Rick Nelson and Claude Peck dispense unasked-for advice about clothing, etiquette, culture, relationships, grooming and more.
This wind turbine located on the property of Great River Energy in Maple Grove stands 166-feet high and is used as a navigation tool by the locals. It can generate enough energy to power 75 homes during a high-demand period.
CP: What a beautiful day to be lunching in Maple Grove, where gravel pit meets P.F. Chang's, and to answer once and for all that burning question: Where do all those turquoise dress shirts sold with coordinating neckties find a home?
RN: First, meow. Second, the 763, obviously. But don't let that be your principal takeaway from our field trip to the Shoppes, Fountains and other various and sundry districts of this vast suburban showplace otherwise collectively known as Arbor Lakes.
CP: This squeaky clean, faux-front Main Street resembles a set for "The Truman Show."
RN: I hate to break it to you, but this is what most of America looks like. We're in what's known as a "lifestyle center." I hear that and immediately think, "gay lifestyle" center. You know, gyms, trendy restaurants, an Apple store. In other words, Uptown.
CP: Yeah, but try finding a Yankee Candle in Uptown, or a bulk-buy warehouse. In "downtown" Maple Grove, the ample street parking comes with no meters, which appeals to my inner cheapskate. OMG, a Dunn Bros. Perhaps I could grow to like it here.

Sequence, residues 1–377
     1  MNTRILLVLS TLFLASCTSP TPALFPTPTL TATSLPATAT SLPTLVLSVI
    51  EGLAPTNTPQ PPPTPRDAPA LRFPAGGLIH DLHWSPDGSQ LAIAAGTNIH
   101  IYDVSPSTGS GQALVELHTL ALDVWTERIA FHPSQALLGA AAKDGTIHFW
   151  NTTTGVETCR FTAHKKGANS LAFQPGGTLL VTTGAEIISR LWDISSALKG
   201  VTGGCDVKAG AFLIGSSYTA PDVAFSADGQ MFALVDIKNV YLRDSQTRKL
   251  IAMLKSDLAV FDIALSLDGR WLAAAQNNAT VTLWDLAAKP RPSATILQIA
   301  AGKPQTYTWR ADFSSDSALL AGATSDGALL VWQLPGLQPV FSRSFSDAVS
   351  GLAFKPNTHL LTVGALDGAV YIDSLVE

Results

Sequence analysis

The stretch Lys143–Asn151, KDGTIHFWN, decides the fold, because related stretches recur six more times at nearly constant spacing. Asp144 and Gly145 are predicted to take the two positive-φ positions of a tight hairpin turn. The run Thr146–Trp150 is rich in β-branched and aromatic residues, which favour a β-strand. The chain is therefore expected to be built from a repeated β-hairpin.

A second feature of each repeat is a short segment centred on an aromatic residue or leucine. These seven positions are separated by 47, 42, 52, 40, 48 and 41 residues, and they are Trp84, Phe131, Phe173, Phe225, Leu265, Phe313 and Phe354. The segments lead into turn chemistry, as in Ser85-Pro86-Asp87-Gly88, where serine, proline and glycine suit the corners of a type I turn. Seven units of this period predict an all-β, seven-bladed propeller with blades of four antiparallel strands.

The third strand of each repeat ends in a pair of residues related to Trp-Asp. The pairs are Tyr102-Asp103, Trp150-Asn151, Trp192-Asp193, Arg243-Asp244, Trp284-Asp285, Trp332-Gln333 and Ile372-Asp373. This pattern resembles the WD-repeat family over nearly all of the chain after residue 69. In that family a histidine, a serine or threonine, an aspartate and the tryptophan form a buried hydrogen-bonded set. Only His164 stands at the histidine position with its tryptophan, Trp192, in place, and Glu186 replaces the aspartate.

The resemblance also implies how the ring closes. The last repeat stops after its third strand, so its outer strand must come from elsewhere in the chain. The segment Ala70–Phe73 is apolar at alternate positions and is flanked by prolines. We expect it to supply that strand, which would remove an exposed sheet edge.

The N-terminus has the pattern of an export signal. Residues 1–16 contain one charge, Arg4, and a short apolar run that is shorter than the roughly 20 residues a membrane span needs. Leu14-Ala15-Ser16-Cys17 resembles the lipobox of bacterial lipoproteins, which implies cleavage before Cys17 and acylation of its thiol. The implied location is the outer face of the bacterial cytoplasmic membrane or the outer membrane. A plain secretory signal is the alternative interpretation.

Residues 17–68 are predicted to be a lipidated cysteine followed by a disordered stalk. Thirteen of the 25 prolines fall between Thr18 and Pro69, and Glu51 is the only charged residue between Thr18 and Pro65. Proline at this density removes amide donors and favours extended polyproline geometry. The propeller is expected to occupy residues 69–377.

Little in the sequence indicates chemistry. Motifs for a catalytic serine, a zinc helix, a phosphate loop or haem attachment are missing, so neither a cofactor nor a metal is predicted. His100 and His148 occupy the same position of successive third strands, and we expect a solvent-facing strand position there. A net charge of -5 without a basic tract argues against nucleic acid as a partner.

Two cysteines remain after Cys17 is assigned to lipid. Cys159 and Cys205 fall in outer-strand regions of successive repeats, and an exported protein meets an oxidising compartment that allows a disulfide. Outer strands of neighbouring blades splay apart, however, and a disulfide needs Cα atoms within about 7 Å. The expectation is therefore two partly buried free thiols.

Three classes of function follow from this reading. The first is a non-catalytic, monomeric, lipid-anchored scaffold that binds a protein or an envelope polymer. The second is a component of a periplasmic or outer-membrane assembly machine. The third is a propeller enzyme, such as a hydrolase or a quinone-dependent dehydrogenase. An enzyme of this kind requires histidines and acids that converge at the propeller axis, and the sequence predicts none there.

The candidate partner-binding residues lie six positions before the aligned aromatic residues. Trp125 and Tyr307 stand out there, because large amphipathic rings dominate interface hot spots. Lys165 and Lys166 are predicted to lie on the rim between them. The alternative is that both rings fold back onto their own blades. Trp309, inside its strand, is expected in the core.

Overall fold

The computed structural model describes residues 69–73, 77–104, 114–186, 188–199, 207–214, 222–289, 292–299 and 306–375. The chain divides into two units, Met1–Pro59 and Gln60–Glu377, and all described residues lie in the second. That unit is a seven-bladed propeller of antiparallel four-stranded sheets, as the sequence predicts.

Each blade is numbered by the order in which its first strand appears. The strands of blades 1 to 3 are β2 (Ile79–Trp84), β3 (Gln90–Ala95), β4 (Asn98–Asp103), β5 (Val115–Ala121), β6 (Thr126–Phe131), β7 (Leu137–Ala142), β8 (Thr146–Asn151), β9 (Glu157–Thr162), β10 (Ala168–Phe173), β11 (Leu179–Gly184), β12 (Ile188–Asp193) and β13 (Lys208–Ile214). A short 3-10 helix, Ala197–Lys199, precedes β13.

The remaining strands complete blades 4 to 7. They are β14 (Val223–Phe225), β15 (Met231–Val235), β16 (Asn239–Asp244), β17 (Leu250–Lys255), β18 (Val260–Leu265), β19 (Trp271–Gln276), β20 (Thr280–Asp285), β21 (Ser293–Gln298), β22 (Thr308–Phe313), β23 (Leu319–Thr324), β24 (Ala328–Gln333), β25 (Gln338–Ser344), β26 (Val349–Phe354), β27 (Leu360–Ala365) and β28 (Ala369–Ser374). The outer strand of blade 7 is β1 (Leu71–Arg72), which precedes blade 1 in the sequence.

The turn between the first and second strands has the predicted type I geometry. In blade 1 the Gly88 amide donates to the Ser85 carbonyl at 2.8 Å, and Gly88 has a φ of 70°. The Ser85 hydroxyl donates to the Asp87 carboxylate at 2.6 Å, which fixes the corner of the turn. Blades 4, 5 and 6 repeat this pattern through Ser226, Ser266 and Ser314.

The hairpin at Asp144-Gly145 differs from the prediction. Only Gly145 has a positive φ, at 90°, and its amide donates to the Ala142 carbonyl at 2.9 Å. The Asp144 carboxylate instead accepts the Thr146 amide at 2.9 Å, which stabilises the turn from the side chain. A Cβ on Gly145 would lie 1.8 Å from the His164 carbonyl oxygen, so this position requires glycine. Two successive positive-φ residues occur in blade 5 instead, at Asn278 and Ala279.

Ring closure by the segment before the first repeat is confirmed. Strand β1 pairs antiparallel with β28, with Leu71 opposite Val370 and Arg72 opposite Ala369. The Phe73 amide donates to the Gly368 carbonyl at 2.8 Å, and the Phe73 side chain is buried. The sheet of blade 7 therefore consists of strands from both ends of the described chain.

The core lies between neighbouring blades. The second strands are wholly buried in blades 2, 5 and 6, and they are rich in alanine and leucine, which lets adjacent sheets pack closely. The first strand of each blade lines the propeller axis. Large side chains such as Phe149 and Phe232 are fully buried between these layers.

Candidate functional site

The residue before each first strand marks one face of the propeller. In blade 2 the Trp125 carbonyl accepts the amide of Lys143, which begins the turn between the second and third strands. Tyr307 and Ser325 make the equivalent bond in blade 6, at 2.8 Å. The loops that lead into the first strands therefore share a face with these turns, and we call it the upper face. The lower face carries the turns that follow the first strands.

RN: I always get a little nervous when I can't see the IDS Tower.
CP: There's that. Also, I might grow tired of the whole few-minorities thing.
RN: At least all of this sprawl is somewhat tempered by the legacy view of that gravel pit, which looks so much like a Martian landscape that I fully expect to see Curiosity come rolling over the horizon.
CP: The Shoppes at Arbor Lakes is the prefab-stucco capital of the Upper Midwest.
RN: Right? It's like a low-rise version of Block E, stretching as far as the eye can see. Listen to us, the snotty urban snobs. On the other hand, that MS&R-designed public library is gorgeous.
CP: I know. Even its two-story parking ramp is amaze-balls. The publicly funded aspects out here are the design standouts, from that library to the government building and the streetscaping.
RN: Our tax dollars, hard at work. The neighborhood's relentless strip malls, big-box retailers and freestanding chain restaurants aside, it's great to see Great River Energy plant its good-looking HQ here. It's designed by Perkins + Will. BKV Group did that handsome municipal building, and HGA is responsible for that cool lakeside bandshell. Is it a coincidence that downtown Minneapolis firms are responsible for all this notable suburban architecture?
CP: For me, getting here -- on a crowded four-lane ribbon of concrete -- would be the big downside of living here.
RN: We should have timed our excursion with the farmers market. It runs on Thursday afternoons through the 18th, and it's excellent.
CP: Maybe next summer. I don't imagine I'll be a making a second trip out here this year.
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